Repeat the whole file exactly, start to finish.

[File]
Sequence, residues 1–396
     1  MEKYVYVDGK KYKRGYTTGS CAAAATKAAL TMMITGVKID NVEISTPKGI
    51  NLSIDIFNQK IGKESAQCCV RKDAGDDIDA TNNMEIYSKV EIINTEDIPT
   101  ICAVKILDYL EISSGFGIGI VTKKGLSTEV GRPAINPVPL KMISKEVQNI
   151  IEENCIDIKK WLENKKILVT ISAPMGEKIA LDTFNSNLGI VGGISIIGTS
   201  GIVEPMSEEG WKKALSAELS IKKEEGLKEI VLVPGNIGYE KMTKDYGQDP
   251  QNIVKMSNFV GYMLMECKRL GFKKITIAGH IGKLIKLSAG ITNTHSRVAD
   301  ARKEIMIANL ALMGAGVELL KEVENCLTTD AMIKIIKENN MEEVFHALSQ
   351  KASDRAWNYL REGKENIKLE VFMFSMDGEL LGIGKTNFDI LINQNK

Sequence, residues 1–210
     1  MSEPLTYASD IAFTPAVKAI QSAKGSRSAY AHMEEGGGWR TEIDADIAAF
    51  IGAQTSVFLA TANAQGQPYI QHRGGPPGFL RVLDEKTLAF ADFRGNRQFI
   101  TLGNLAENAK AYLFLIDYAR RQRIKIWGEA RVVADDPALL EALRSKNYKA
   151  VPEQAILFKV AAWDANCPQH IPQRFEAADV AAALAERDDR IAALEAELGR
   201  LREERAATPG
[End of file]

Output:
Sequence, residues 1–396
     1  MEKYVYVDGK KYKRGYTTGS CAAAATKAAL TMMITGVKID NVEISTPKGI
    51  NLSIDIFNQK IGKESAQCCV RKDAGDDIDA TNNMEIYSKV EIINTEDIPT
   101  ICAVKILDYL EISSGFGIGI VTKKGLSTEV GRPAINPVPL KMISKEVQNI
   151  IEENCIDIKK WLENKKILVT ISAPMGEKIA LDTFNSNLGI VGGISIIGTS
   201  GIVEPMSEEG WKKALSAELS IKKEEGLKEI VLVPGNIGYE KMTKDYGQDP
   251  QNIVKMSNFV GYMLMECKRL GFKKITIAGH IGKLIKLSAG ITNTHSRVAD
   301  ARKEIMIANL ALMGAGVELL KEVENCLTTD AMIKIIKENN MEEVFHALSQ
   351  KASDRAWNYL REGKENIKLE VFMFSMDGEL LGIGKTNFDI LINQNK

Sequence, residues 1–210
     1  MSEPLTYASD IAFTPAVKAI QSAKGSRSAY AHMEEGGGWR TEIDADIAAF
    51  IGAQTSVFLA TANAQGQPYI QHRGGPPGFL RVLDEKTLAF ADFRGNRQFI
   101  TLGNLAENAK AYLFLIDYAR RQRIKIWGEA RVVADDPALL EALRSKNYKA
   151  VPEQAILFKV AAWDANCPQH IPQRFEAADV AAALAERDDR IAALEAELGR
   201  LREERAATPG